Porcelain Production in Jingdezhen

Ceramics have been produced for over 1800 years in Jingdezhen, China. Emperor Zhenzong decreed that Changnanzhen, as the city was know then, should produce all of the porcelain used by the imperial court during the Jingde Period (1004-1007). The industry continued to develop there during the Song, Yuan, Ming, and Qing Dynasties. Today Jingdezhen is a recognized center of porcelain production.  Although electric wheels and electric and gas kilns are used today in the factories, ancient throwing and decorating techniques and wood-fired kilns can be seen as well.

Old working methods and Qing Dynasty kilns can be seen at the Jingdezhen Ceramic History Museum:

The potter's wheel is spun counter-clockwise with a stick. A dry bowl is trimmed to make it paper thin. Greenware is glazed by dipping and pouring.

Firewood is specially stacked to dry it and protect it from the elements. The front of a small wood-fired saggar kiln Saggars with fired bowls in the Shanghai Museum

Inside a large kiln (50' long x 20 high') with saggars on sides and chimney in rear  The chimney of the  kiln is being rebuilt. The kiln is shaped like an egg, with the narrower part located near the chimney in the back.

Production techniques used in Jingdezhen today:

Porcelain is mined, powdered, mixed with water, slaked, squeezed, then pugged. Porcelain is press molded at the Sculpture Factory to make an edition of figurines.

Vessels are slip cast, then trimmed. Some are cast in several parts that are luted together.

Sections of large vessels are thrown, dried, trimmed, then joined. A pot is trimmed in the foreground, while clay is prepared for throwing in the middle ground and centered in the background. Several young men join forces to throw a large pot on an electric wheel.
Uneven surfaces and cracks mark some of the places where thrown sections were joined on these Ming porcelain vessels from the Shanghai Museum.

The surface of a multi-sectioned pot is sanded to create a smooth profile at the Imitated Antique Porcelain Factory  Hutianjingdezhen (IAPFH). A stencil is often used to lay out the pattern on the greenware at the Jingdezhen Jiayang Ceramics Company. Underglaze is then painted over the stenciled lines, which burn off during the firing.
Brushes designed specifically for underglaze and overglaze painting are manufactured in Jingdezhen. These photos were taken at Shengji bi hang.

One of the first steps in making a brush involves sizing and lining up the bristles. The tip of the finished brush is checked by wetting the point, then painting a small circle on the hand. Unwanted hairs are pulled out.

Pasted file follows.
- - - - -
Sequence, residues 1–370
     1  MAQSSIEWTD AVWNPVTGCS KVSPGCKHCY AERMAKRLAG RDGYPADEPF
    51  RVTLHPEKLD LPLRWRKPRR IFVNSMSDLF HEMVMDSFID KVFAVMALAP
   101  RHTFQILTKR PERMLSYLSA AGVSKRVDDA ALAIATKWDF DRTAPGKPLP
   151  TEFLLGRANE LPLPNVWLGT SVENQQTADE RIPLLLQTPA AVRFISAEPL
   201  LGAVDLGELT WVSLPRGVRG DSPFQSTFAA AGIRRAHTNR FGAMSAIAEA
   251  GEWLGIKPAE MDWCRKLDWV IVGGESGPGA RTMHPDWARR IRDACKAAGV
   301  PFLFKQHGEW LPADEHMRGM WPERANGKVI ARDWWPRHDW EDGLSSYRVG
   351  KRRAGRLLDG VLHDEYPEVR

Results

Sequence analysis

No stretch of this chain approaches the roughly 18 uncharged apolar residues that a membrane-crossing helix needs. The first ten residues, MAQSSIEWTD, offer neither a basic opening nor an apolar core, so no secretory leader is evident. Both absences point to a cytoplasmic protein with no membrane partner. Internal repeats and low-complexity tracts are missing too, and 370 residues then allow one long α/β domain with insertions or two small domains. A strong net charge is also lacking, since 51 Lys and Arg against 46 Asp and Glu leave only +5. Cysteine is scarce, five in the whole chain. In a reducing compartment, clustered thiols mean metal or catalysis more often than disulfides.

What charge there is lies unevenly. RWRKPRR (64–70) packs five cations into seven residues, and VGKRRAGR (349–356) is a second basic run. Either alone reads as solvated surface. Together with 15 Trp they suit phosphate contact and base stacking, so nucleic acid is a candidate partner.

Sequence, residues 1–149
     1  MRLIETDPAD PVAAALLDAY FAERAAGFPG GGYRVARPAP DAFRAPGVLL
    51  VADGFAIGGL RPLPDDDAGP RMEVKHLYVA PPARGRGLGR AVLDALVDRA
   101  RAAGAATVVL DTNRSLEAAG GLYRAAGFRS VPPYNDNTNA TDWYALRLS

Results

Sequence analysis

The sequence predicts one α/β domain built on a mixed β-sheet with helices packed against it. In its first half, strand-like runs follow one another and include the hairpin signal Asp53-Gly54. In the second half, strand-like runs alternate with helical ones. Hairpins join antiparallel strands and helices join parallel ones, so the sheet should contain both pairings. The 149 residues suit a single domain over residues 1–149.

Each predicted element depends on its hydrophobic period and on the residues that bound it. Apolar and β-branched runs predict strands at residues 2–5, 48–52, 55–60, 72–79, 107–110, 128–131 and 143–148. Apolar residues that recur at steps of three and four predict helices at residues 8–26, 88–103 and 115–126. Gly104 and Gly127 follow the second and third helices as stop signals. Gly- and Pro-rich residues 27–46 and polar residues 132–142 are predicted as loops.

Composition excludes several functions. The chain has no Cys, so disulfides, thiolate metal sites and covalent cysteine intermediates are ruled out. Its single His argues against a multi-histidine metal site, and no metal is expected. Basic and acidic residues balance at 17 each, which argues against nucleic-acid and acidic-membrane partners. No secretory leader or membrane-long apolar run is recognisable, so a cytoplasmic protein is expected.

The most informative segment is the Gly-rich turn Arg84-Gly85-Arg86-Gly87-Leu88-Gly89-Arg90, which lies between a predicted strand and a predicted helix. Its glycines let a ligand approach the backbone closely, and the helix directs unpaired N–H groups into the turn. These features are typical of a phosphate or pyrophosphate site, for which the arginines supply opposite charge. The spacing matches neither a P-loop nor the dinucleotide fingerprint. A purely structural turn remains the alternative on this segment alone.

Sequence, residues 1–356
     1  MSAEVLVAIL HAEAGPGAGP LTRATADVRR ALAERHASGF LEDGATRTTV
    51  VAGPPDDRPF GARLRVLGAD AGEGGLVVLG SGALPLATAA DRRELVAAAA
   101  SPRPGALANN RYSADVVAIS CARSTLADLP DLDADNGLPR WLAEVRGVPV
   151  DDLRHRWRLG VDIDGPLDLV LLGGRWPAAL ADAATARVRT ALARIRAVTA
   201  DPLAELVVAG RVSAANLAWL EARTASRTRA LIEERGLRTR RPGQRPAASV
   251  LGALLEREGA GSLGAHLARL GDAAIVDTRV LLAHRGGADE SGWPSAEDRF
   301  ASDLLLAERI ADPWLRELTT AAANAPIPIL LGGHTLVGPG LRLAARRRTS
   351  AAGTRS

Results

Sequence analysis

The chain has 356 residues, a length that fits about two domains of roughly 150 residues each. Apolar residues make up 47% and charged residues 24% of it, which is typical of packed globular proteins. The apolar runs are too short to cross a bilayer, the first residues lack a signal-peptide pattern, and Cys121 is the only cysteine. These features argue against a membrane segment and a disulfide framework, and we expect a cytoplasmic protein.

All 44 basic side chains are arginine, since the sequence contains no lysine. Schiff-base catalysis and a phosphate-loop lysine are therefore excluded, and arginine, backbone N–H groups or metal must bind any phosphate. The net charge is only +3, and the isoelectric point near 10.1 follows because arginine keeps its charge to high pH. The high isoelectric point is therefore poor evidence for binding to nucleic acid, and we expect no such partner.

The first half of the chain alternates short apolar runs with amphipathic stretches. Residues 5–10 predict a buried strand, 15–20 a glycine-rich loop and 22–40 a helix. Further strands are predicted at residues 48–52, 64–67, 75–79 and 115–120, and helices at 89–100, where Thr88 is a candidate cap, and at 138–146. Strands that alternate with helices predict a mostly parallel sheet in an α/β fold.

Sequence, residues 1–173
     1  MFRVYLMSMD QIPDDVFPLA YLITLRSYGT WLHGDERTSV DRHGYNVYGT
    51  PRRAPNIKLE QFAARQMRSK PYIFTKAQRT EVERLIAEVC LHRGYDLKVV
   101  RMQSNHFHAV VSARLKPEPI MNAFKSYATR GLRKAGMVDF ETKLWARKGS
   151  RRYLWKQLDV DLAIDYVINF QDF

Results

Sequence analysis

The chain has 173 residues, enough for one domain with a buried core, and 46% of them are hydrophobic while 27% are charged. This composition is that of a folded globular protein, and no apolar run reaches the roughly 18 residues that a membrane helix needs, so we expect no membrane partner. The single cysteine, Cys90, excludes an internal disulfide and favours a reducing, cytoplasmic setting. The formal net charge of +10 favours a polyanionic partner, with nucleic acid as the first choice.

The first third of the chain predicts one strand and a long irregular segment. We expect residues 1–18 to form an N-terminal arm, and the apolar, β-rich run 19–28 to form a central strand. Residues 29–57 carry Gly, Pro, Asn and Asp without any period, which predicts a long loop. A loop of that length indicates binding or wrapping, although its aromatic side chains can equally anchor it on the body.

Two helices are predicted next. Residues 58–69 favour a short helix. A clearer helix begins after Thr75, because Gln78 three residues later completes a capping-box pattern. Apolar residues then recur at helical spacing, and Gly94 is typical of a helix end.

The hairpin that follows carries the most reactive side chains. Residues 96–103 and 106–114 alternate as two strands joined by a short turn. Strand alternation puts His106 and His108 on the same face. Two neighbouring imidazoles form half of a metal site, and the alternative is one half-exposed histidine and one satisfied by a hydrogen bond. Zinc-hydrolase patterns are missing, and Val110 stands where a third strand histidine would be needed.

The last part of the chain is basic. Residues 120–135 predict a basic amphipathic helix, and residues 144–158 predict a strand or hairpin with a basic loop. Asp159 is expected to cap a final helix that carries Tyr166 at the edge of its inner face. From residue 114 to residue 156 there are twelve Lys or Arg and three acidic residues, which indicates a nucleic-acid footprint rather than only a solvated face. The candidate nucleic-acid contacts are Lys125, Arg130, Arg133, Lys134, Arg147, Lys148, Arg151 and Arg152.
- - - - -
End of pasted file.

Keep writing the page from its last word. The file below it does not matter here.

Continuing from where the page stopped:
Silk screens for making overglaze decals.  Decals are cut, placed on dry lids, moistened with water, then the paper is removed after the underglaze has transferred to the greenware. A stripe is then painted around the edge on an electric banding wheel.  These fired cups are decorated with decal-transferred underglaze flowers. 

Painting cobalt underglaze on greenware at the IAPFH. A bronze statue demonstrates the old method of spraying clear glaze over underglaze onto greenware. Today a compressor and spray booth are used.

Although electric and gas kilns have replaced coal and wood-burning kilns, smokestacks from abandoned coal-burning kilns can still be seen.  This gas car kiln with a dolly to move the car onto the track is typical of the kilns used today. Most ware is once fired. Only pieces with overglaze are fired several times.

A wet overglaze stencil is removed after it has transferred the pattern onto a fired glazed pot. This overglaze painter does not use a stencil, but is inspired by a painting in a book at the Sculpture Factory. Red overglaze is painted free-hand onto a fired underglaze blue plate. Silkscreened overglaze decals are used to create inexpensive repeat patterns.

A pilgrimage to Jingdezhen, the birth place of high fire ceramics, is definitely worth the effort. Short-term residencies for international students and artists are available at the Jingdezhen Sanbao Ceramic Art Institute and the Sculpture FactoryYou may also enjoy reading my Made in China article in the July/August 2008 issue of CERAMIC REVIEW.

Traditional Dunzi Production in Yaoli, China
Cloisonne enameling in Beijing
Printing in China
Capelo Ceramics of Mexico
Mexican Ceramist, Angelica Escarcega Rodriguez
Mexican Ceramist, José Luis Méndez Ortega
Guevara Ceramics of Mexico  
Ceramics of Ubeda, Spain   
Tiles and Ceramics of Seville, Spain  
Tiles and Ceramics of Talavera de la Reina, Spain  
Monje Ceramics of Lora del Rio, Spain
Earthenware Tiles of Portugal  
Majolica Ceramics of Caldas da Rainha, Portugal
Pottery of Western Cameroon
Roof Tiles in Bali, Indonesia  

The Traditional Crafts of Porcelain Making in Jingdezhen, by Bai Ming, Jiangxi Fine Arts Publishing House, 2002, ISBN 7-80580-887-2, is excellent, but difficult to find outside of China.

Web page, photographs, and text by Carol Ventura in 2004. Please look at Carol's home page to see more about crafts around the world.